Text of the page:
This image is an attempt to use the technique described starting with an old 35 mm colour slide. It shows Chamberlain House in Birmingham and how it might look on a moonlit night. The conversion to B & W was done using Macphun and some further processing with Photoshop. Your comments would be welcome.
1. To get the best effect (like we have been discussing), you need (a) a clean, noise-free sky; (b) clear distinctions between well saturated primary colors (ie, cyan-blue sky, green trees, and orange-red bricks; and, (c) smooth gradations between the various tonal (ie, brightness) levels. In fact, I already commented on this in post #9: "...As an example, I'm going to use one of my images that has strong colors: a red fire truck, a nice blue crisp September sky, a yellow line on the street, green street sign & trees, etc. ...". The results of the procedure we discussed are very sensitive to these factors.
I'm not sure how you processed your scan after the version you posted, so perhaps you have already done these things, but the version that you posted has lots of noise in the sky. It is a very high contrast image with really murky shadow areas; and, there are some funky non-blue colors in the sky, as well as a slight blue cast to the trees.
If it was me, I would try to adjust that image to look something like the version attached below before I tried to apply the procedure we had discussed. In fact, whenever I intend to apply almost any effect to a photo, I almost always first try to bring it a standard, conventional, good-looking state that any photographer would be proud to show, ie, good tonality, good color correction, lighting problems corrected, etc..
2. To enhance the visual suggestion of moonlight / night, I would (a) put a blue cast over the result; and, (b) show some contrasting yellow or orange lights coming from inside a few of the rooms/windows.
Tom, I really appreciate your comments and agree with much of what you write. However, please bear in mind that we are starting with not only a poor photograph but an emulsion which has had lots of time to deteriorate. For instance, the noise to which you refer, is most probably inherent in the film and is not digital noise. There is also a blue cast due to changes in the dyes. My intention was to finish with a B & W image and so I did not pay as much attention as I would have done if the intention had ben colour for the final image.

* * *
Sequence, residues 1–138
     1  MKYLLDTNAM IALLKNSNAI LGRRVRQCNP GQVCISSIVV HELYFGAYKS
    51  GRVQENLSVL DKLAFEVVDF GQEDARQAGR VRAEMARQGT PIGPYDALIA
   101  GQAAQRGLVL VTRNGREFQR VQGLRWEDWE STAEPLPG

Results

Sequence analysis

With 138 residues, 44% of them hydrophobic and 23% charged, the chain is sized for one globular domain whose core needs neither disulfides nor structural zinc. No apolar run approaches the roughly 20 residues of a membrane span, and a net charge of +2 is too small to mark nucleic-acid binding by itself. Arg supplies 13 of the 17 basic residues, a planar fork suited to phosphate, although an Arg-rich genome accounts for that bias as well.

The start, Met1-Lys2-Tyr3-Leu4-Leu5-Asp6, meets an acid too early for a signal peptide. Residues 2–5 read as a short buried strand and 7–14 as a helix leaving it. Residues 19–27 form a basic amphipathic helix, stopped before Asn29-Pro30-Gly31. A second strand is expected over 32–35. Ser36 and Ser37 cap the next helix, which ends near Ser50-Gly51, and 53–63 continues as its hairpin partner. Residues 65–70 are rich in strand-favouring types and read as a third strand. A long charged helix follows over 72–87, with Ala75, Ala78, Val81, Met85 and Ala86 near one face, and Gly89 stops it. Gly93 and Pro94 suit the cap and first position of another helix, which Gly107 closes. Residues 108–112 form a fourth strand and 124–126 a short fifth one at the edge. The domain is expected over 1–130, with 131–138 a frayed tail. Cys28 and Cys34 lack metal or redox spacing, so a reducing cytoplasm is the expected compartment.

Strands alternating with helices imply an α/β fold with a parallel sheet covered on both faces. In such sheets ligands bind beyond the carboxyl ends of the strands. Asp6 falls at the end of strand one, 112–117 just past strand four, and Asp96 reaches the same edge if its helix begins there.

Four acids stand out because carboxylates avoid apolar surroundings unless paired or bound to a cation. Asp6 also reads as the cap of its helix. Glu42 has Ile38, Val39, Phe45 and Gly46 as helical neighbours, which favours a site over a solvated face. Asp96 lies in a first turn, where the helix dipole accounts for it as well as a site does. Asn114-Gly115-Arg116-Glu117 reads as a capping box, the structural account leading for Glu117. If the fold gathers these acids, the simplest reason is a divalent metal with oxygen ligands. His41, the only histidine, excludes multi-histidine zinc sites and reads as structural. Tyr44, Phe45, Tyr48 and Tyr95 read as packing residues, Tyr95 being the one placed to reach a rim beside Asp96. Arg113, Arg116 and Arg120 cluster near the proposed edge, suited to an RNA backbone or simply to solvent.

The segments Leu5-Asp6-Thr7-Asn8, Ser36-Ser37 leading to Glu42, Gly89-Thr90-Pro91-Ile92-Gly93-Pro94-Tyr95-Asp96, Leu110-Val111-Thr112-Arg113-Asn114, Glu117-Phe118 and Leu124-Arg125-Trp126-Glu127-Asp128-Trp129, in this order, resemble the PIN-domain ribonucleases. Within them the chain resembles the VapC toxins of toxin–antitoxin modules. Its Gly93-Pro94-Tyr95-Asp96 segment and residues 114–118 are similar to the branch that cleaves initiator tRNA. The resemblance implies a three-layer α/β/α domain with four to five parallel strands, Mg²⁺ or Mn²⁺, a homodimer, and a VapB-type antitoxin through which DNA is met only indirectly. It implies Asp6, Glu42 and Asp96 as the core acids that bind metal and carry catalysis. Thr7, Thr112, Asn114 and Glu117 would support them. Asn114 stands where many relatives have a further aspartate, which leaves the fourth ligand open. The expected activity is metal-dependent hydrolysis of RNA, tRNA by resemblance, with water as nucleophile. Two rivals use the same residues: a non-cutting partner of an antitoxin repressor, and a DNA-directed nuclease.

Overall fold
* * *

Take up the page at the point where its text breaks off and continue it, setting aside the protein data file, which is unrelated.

Thank you again for taking the trouble to help, it gives me something to do to occupy my time which is all I can ask for.
I certainly undestand being constrained to work with old emulsions containing faded, color-shifted, grainy images. I've been down that road too many times, myself, LOL.
I guess that what I neglected to explicitly say in my last post was that if, for some reason, I had no choice but to work with such an image, and I wanted to try to do a day-to-night "conversion", I would never use the technique we've been discussing to darken the sky. Essentially, what it is doing is a sky "selection" step that is integrated with a darkening step (ie, sandwiching the blue-sensitive B&W negative with the transparency). The technique you asked about is just too sensitive to flaws in the original.
Instead, I would use other, very conventional techniques to select the sky (eg, pen tool, quick mask, alpha channels, etc.), followed by other, much more conventional and straighttfforward techniques (eg, levels, curves, etc.) to darken the previously selected areas. I showed an example of this towards the end of Post #15 in this thread.
Of course you are correct, Tom, and it was only because I was seeing what might happen using the technique you devised that I stumbled upon the idea of a day to night conversion. As you pointed out there are several ways of making a selection all of which require a certain amount of experience and skill. These look so simple when demonstrated by a professional but quite difficult to do by such as myself.
I will keep trying to find images which could benefit from this technique and I may continue posting them for comment.